When our little ones are really little and we take them swimming or paddling, chances are they’ll normally just be dressed in a swim nappy as long as the water’s warm enough, right?
But, at what point should girls start to wear a swimming costume that covers their top half as well?
It’s a controversial question, and one that stirred up a lot of parents online recently, when it came to light that the mum of a 3-year-old girl had been asked to put a T-shirt on her child at a public splashpark, as it was ‘policy’ that girls should have their chest covered.
We have to say, when we shared this story on our Facebook page, lots of you were pretty shocked.
“The only reason they should be made to wear tops is for sun protection,” says Laura G. “It’s weird how men can go topless but women can’t. Little girls don’t even have breasts; they look the same as boys at that age.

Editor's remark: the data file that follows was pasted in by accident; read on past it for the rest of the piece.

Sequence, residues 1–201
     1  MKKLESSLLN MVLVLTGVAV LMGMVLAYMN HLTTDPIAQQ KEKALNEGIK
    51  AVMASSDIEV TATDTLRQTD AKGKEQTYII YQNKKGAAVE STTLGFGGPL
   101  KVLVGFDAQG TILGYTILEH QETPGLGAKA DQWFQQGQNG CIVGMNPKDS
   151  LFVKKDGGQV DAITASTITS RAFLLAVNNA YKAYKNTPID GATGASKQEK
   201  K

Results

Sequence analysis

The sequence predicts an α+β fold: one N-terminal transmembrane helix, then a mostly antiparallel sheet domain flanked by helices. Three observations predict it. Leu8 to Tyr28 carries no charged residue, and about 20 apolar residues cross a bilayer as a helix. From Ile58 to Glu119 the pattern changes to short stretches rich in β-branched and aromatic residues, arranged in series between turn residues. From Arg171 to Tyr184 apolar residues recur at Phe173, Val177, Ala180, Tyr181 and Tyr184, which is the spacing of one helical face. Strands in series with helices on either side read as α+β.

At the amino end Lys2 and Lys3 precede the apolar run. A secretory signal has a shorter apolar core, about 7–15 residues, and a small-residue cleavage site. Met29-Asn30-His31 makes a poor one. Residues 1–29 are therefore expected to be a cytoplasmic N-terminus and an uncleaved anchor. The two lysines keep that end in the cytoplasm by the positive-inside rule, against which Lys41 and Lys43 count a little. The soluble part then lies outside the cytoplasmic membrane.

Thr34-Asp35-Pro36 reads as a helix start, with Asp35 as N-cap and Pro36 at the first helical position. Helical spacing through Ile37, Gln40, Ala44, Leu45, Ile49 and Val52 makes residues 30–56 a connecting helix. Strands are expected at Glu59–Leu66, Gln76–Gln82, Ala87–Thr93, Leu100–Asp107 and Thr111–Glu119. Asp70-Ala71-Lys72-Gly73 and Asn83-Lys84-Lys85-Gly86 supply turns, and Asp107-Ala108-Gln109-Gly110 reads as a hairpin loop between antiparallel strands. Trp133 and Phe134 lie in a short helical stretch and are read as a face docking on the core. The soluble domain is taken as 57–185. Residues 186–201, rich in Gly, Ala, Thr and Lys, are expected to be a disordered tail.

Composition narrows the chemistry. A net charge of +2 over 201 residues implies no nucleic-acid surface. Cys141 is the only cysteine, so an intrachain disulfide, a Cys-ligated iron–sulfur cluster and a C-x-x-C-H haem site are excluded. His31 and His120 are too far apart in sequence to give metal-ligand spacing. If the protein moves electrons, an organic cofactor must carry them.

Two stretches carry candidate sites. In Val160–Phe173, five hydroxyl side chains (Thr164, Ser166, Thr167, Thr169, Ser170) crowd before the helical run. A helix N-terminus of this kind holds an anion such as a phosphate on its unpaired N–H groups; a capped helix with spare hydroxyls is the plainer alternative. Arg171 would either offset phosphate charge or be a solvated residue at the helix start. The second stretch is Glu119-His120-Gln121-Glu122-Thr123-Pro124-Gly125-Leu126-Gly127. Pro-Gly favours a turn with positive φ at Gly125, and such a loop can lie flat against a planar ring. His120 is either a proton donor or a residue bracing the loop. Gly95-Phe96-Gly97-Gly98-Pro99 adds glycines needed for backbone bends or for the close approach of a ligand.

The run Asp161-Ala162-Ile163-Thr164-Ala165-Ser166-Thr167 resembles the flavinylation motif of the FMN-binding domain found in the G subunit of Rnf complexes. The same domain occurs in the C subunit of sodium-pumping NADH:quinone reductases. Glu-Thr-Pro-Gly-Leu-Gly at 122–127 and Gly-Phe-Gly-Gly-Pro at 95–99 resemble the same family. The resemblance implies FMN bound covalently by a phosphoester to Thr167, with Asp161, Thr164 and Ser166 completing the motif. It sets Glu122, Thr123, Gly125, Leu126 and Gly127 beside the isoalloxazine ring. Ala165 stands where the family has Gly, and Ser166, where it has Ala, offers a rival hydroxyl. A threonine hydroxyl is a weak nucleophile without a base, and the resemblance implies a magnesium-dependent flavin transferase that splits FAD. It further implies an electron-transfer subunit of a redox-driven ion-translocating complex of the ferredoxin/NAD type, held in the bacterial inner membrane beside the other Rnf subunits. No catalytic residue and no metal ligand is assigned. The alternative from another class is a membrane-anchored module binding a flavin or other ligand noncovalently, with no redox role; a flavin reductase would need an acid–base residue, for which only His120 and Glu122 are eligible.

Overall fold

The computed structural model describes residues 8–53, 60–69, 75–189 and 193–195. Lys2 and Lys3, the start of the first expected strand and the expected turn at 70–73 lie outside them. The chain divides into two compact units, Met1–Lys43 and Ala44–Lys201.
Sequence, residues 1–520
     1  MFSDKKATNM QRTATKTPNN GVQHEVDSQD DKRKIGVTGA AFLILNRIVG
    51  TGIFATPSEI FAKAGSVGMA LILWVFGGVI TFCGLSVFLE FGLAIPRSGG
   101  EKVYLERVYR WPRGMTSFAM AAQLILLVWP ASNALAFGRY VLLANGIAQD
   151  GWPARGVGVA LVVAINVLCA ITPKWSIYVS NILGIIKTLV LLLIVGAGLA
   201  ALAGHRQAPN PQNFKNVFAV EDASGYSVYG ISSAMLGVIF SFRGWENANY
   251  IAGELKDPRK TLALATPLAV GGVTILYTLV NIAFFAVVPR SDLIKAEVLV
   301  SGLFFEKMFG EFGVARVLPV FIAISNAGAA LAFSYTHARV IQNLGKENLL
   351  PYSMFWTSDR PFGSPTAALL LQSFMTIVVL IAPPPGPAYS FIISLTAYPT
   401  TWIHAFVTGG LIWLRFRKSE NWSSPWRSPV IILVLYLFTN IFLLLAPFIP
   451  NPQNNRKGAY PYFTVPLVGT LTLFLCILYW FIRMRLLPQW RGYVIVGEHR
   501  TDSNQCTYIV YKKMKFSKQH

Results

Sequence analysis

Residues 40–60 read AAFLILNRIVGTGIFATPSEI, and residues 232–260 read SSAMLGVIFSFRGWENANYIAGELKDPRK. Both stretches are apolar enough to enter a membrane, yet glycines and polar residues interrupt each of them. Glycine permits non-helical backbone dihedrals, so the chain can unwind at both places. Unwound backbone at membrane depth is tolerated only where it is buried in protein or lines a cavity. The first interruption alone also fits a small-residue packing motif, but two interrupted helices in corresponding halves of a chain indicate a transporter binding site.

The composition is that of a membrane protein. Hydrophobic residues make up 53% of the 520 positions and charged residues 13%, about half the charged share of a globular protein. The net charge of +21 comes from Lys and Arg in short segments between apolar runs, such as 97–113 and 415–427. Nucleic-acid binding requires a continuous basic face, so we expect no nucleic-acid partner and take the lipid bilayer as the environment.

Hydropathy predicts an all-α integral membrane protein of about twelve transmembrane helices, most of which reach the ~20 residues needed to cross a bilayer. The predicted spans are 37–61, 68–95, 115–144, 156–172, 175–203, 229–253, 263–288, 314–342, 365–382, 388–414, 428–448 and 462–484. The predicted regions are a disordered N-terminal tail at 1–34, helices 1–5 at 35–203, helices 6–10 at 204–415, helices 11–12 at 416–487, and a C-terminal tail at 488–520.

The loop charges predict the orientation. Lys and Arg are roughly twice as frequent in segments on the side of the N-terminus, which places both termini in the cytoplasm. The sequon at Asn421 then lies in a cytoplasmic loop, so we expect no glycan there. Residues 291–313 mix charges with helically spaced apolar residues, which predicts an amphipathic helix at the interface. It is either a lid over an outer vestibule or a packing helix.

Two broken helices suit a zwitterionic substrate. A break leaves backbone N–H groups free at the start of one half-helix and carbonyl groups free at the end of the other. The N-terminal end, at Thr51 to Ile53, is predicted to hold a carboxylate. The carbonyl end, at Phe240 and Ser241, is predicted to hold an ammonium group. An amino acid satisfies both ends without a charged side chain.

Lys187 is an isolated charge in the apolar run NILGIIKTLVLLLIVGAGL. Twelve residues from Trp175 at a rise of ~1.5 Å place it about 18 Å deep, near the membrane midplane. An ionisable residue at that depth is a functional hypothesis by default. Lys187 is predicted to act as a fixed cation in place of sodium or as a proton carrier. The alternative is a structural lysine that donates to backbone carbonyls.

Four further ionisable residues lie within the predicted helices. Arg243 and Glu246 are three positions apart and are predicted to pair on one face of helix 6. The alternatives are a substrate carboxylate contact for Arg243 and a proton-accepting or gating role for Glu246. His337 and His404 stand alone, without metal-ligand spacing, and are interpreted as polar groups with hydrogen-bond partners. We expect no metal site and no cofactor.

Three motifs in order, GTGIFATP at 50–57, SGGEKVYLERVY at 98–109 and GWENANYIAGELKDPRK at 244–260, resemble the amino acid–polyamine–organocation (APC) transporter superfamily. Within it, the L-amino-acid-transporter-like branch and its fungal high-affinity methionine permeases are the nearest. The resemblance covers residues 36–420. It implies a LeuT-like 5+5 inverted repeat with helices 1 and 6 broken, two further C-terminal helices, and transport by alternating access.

“Way to teach girls to be ashamed of their bodies!”
Alexandra G agrees: “Only if boys have to have tops on, too. If not, I’d have told them where to go!”
As does Cat H, who tells us, “At this age, there is little difference in appearance and it matters not at all. Why does my lad have any more right to not wear a top than a girl the same age?”
Others, though, reckoned that this is more a sign of the times than anything else, and, for that reason, it probably makes sense.
“This day and age, it’s a good idea,” says Carol C. “But, then again, I put shorts on under my daughter’s dresses in case she does handstands etc…”
“Yes, it’s how society is today,” agrees Nadia B.
And Rachel R finds herself doing it, even though she doesn’t think it’s fair: “I think it’s wrong but I have always kept clothes on my girls.”
But when Ruth N commented, “You never know how many weirdos are around!!”, Sarah W countered with, “Yet a little boy is fine to have no top on?”
Hmmmmm, we reckon this is one that’ll keep on rolling…
What do you think?
Should there be a different rules for girls than boys when it comes to what to wear in the pool? If so, at what age? And is it just being sensible – or sexist? Tell us in the comments below or over on Facebook